Did Paul believe that in baptism you were a believer first, and then in a response of obedience you were baptized in water; or did Paul believe that you were baptized in water as part of the gospel? Listen to his teaching elsewhere. We have just a couple of more passages on this. This is important. In 1 Corinthians 1:17 we read: “For Christ did not send me to baptize, but to preach the gospel ….” Isn’t that an awesome passage, the way he divorces those two? If baptism were necessary for salvation, that would be part of the gospel. Paul says, “… Christ did not send me to baptize, but to preach the gospel ….” Wait a second, Paul. Don’t you have to be baptized to be saved? He’s saying no; they are different animals entirely. The gospel stands alone. It’s by faith alone, by grace alone, that we are saved. That is why I’ve been sent; not to baptize.

Think about the presumptions, or the assumptions, behind these passages. Think about the Great Commission, for example. Matthew 28:19: “Therefore go and make disciples of all nations, baptizing them in the name of the Father and the Son and the Holy Spirit.” Did you see it? Go and make disciples -- believers, converts, followers of Jesus Christ. And then do what? Baptize them. Autous is the Greek word. The antecedent is “disciples.” Baptize them. Baptize whom? Baptize seekers? Baptize the unsaved? No. Baptize disciples -- people who are already followers of Jesus Christ. If baptismal regeneration is what the Bible teaches, then why didn’t the text say, “Go and baptize people in order to make them disciples”? It doesn’t say that. The assumption is that you become a disciple (a follower of Jesus Christ), and then you are baptized.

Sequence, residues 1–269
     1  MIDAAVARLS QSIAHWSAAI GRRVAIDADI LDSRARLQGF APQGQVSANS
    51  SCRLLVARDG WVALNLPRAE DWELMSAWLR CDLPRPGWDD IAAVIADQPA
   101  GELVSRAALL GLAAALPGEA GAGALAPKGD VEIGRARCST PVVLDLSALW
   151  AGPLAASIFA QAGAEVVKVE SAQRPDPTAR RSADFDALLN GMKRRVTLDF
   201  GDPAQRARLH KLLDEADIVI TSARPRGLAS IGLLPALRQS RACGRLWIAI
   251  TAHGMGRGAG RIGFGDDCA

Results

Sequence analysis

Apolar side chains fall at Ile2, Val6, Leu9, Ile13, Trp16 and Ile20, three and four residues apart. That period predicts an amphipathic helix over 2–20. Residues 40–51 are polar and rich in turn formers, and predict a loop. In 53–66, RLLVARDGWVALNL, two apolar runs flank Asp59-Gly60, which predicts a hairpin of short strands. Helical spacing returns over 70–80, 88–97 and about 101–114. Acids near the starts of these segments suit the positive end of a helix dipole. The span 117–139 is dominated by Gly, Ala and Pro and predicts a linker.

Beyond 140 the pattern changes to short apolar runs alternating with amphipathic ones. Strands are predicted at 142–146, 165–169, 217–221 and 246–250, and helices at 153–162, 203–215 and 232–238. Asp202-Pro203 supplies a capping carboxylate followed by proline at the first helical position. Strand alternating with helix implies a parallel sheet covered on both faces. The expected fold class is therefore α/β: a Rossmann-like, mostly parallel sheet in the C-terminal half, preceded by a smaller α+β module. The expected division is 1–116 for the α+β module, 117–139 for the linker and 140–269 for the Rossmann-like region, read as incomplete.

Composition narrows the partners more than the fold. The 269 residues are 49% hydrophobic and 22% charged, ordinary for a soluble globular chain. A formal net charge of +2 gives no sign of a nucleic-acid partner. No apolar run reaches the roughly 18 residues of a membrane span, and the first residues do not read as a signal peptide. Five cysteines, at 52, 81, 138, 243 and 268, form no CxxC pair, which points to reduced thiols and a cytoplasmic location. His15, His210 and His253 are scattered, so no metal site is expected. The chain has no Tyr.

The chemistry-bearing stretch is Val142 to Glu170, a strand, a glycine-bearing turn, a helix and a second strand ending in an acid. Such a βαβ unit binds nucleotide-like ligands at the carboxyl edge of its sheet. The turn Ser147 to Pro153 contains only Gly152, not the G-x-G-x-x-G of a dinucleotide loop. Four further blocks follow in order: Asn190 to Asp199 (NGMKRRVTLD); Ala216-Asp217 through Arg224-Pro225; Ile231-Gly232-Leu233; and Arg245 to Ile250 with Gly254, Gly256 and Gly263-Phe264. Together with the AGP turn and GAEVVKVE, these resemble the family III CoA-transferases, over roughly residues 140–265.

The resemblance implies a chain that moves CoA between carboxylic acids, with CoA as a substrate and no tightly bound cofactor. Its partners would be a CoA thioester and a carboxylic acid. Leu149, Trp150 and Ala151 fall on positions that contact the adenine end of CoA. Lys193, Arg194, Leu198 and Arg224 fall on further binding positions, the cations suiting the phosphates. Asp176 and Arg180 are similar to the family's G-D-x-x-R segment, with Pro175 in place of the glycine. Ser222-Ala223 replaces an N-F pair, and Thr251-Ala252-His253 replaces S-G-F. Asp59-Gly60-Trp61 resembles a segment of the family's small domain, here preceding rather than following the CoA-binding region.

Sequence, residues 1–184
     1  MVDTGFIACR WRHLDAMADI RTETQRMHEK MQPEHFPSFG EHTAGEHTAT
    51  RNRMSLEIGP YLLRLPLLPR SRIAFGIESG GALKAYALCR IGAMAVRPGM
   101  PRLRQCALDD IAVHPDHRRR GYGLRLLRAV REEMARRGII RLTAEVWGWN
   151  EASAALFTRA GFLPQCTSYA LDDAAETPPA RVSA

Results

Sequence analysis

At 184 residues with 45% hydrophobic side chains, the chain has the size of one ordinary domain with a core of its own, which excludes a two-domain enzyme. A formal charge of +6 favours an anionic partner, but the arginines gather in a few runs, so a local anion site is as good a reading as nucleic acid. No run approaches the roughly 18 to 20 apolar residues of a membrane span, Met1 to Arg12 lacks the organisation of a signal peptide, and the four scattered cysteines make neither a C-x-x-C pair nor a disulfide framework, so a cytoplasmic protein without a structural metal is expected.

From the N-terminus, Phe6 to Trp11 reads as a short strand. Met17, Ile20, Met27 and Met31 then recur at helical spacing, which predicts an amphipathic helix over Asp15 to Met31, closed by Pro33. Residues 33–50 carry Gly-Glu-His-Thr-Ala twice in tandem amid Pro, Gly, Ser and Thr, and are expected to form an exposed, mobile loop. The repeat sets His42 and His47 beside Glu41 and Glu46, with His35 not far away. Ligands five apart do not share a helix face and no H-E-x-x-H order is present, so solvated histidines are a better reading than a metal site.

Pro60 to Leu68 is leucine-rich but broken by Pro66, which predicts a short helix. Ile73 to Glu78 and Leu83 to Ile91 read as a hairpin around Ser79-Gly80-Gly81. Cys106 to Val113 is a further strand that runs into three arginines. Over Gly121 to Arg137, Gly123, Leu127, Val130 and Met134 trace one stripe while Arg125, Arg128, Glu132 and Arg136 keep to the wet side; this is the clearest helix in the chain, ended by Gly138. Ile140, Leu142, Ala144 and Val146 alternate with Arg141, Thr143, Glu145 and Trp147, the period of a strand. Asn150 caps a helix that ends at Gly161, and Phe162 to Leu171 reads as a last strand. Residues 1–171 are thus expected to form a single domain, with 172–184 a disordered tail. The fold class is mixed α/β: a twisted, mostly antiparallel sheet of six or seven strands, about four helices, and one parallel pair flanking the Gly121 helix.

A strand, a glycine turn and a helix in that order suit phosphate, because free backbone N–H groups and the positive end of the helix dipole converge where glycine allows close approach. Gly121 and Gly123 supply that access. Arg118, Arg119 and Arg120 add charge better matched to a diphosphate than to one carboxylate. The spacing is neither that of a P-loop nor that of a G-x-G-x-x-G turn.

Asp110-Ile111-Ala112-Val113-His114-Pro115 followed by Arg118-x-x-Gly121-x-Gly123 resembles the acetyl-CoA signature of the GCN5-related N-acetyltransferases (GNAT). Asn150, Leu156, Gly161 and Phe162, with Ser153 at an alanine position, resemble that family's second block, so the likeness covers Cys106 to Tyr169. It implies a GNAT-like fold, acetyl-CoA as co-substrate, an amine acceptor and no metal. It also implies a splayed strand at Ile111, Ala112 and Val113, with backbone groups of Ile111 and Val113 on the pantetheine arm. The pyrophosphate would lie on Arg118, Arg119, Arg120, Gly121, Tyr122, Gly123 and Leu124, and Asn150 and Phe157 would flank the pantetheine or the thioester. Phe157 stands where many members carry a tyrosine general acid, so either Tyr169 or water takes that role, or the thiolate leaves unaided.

In many other passages, there are implications. John 1:12: “As many received him, to them he gave the right to become children of God, to those who believe in his name. It’s not “to as many as received him and were baptized.” “To those who believe in his name” are baptized. Baptism was left out of these formulas. John 3:16: “For God so loved the world that he gave his only begotten son, that whoever believes in him and is baptized will have eternal life.” It doesn’t say that. It just says “believes in him.” Romans 10:9: “… If you confess with your mouth Jesus is Lord and believe in your heart that God raised him from the dead, you will be saved.” It doesn’t even mention baptism. Ephesians 2:8-9, “For by grace you have been saved through faith and baptism.” No. It is through faith and that not of yourselves. It is the gift of God, not as a result of works, that no one should boast.

Is there anyone in the New Testament who definitely was a believer before being baptized in water? Yes. It was Cornelius, in Acts 10. He hears Peter’s words. He trusts Christ, and the spirit of God indwells him. He even gets to speak in tongues as evidence that he had received the Spirit of God among the first Gentile converts, and he’s later baptized in water. He became a believer, fully a believer, before he was baptized.